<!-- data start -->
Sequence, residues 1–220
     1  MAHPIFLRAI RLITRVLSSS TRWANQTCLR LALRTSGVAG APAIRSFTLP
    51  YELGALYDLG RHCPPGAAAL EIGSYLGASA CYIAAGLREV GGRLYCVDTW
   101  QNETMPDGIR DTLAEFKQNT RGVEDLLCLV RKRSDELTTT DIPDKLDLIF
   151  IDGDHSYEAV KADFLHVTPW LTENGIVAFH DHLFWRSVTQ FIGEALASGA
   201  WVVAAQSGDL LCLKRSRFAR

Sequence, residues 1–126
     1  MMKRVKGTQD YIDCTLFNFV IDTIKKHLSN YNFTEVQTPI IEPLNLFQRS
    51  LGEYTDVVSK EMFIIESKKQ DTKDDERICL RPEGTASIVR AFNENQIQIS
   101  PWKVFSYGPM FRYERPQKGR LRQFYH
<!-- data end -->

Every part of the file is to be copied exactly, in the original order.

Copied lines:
Sequence, residues 1–220
     1  MAHPIFLRAI RLITRVLSSS TRWANQTCLR LALRTSGVAG APAIRSFTLP
    51  YELGALYDLG RHCPPGAAAL EIGSYLGASA CYIAAGLREV GGRLYCVDTW
   101  QNETMPDGIR DTLAEFKQNT RGVEDLLCLV RKRSDELTTT DIPDKLDLIF
   151  IDGDHSYEAV KADFLHVTPW LTENGIVAFH DHLFWRSVTQ FIGEALASGA
   201  WVVAAQSGDL LCLKRSRFAR

Sequence, residues 1–126
     1  MMKRVKGTQD YIDCTLFNFV IDTIKKHLSN YNFTEVQTPI IEPLNLFQRS
    51  LGEYTDVVSK EMFIIESKKQ DTKDDERICL RPEGTASIVR AFNENQIQIS
   101  PWKVFSYGPM FRYERPQKGR LRQFYH